5. John Demato says:

    Shorts, hairstyles, and tattoos are not the problem. While there certainly are bad apples in the professional sports that fit the description of wearing baggy shorts and having non-traditional hairstyles and an abundance of tattoos, certainly not all players that fit this description are punching their significant others in the face.
    The real issue is that pro athletes make lots of people lots of money and many of those people value this more than anything else. Violence, infidelity, dishonesty, and an endless list of morally questionable acts that stem from this go unpunished or forgiven because a big part of society values the ability to make money over being morally good or ethical. It's ok to get punched in the face if the person doing it is making you millions. Heck OJ Simpson made enough to make it ok to murder.
    So the next time a guy with long hair, baggy shorts, and a bad tattoo walks by you… don't assume the worst, at least, not until you check the size of his wallet and entourage.

  6. Scuffy Rubric says:

    In my experience, everything Robert said is correct. As an example, when I went to high school, we had a dress code – cuffed dress pants, Gant shirts, shined harvard walkers, wing tips, penny loafers, nice belt, argyle socks or dress socks, blocked in the back "regular" haircuts – It rocked, I looked cool, and I loved the preppy look.

    Then in the final quarter of my Senior year, they dumped the code and I was in bell bottom jeans, motorcycle boots, work shirt, and I was also loving that, the freedom was cool too. But then I noticed something happening to the psyche of the kids. They started to not give a crap and within one year windows were broken out of the school, doors broke into, and there was no more paddling your ass when you messed up. The paddle was cool, you got to sign it after you got whooped. It worked.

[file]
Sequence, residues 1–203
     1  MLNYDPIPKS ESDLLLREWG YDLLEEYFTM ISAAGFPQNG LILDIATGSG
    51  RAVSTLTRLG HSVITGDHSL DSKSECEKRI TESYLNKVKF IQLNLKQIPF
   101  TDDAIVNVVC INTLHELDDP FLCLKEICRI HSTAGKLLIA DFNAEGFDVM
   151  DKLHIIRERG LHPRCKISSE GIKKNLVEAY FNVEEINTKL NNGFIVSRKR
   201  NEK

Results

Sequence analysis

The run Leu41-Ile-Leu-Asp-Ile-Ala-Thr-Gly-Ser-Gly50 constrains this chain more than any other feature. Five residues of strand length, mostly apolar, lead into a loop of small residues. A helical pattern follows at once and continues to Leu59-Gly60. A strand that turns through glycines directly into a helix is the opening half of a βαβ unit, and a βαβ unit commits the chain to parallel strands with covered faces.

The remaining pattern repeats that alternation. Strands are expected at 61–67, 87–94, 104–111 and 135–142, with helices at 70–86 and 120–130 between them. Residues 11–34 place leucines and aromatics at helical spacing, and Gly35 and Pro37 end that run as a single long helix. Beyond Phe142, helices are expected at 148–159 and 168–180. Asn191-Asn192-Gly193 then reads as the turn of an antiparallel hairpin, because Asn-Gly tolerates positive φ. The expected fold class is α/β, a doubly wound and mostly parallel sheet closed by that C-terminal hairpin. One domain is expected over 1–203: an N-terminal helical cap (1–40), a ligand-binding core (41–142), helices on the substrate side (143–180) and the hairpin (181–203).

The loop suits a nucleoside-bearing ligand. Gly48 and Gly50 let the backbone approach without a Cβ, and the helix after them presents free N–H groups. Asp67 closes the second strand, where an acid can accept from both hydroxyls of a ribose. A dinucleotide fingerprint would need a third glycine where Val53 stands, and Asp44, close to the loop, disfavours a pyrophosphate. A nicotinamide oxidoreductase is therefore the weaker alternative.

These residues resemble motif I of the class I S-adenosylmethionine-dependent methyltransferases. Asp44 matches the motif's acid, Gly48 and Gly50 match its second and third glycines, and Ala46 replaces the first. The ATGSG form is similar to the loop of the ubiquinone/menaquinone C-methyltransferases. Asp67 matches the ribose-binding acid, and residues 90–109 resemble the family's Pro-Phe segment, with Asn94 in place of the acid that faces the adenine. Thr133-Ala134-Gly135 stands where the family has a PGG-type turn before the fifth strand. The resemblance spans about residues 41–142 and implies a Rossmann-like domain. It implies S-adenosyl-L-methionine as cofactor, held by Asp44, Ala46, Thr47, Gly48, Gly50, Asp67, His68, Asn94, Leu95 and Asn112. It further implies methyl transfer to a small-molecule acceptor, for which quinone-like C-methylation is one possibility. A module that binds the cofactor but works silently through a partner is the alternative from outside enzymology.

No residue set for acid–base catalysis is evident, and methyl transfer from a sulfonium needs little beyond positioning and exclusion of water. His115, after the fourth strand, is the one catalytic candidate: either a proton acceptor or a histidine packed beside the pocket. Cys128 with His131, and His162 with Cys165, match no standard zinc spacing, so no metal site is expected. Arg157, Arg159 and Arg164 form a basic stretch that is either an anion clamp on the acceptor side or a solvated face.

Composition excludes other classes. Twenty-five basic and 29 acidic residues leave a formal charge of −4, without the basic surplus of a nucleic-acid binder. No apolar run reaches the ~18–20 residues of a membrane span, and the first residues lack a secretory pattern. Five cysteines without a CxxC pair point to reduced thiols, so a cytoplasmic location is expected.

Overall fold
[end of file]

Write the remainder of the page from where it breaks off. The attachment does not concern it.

But now we have the political correctness police every where, and while the clothing and paddling went down the drain, so did the discipline. Is all this just a big coincidence? I don't believe much in coincidences, of course there is the odd thingy that has no explanation, but overall, no.

    Today they call it "artist discretion" or something similar, meaning do whatever you want because you are a celebrity, actor, artist, whatever, and we don't hold you to much, if any standards because you are cool…

    I'll bet when Robert was putting on his jacket and tie, he was secretly enjoying it, and to me it would seem like fun to go to a semi-formal dinner at a wealthy friends house, I know my wife would enjoy it too…

  7. John E. Gabor says:

    I graduated in 1969. In 1970, my high school did away with most all of the dress/appearance code. I heard that was happening all over the country. Schools have been going downhill ever sense – including academically.

  8. larajf says:

    I think it goes beyond that, and the heart of the matter is the breakdown of a family structure. That is where you learned rules and consequences. I disagree that if the NBA/NFL set rules that people would follow them. The players would sue and blame everyone else for their problems.
    No, we need to reduce the culture that rap has glorified – living life with no restrictions, women are 'ho's and those in authority need to be "capped." Bring back respect. Bring back accountability.
    And get those who are already there in counseling. Making gobs of money as an immature twit is ripe for problems, as we've seen. Maybe the money should be put into a trust that they can't fully access until they're 40. That would also prevent them from being worn out & broke after age 35 as well.
    The leagues should be counseling and mentoring these men rather then treating them like racehorses to be ridden hard and then sent to the glue factory when they're no longer useful.

  9. Andrew says:

    This could be the most ridiculous article ever written. How is what he is saying any different than any other kind of discrimination? Lots of tattoos, long hair, that guy must be a thug. Long, baggy shorts, he must be trouble. Sounds a lot like, "oh look, a black man, he must be a criminal" or "oh no, he's wearing a turban, he must be a terrorist". He points to Chris "The Birdman" Andersen and all his tattoos, never been accused of any crime. He points to model citizen Troy Polamalu and his defiantly long hair, ignoring the fact that Polamalu is Samoan and the hair is a part of his culture. Absolutely horrible article, period!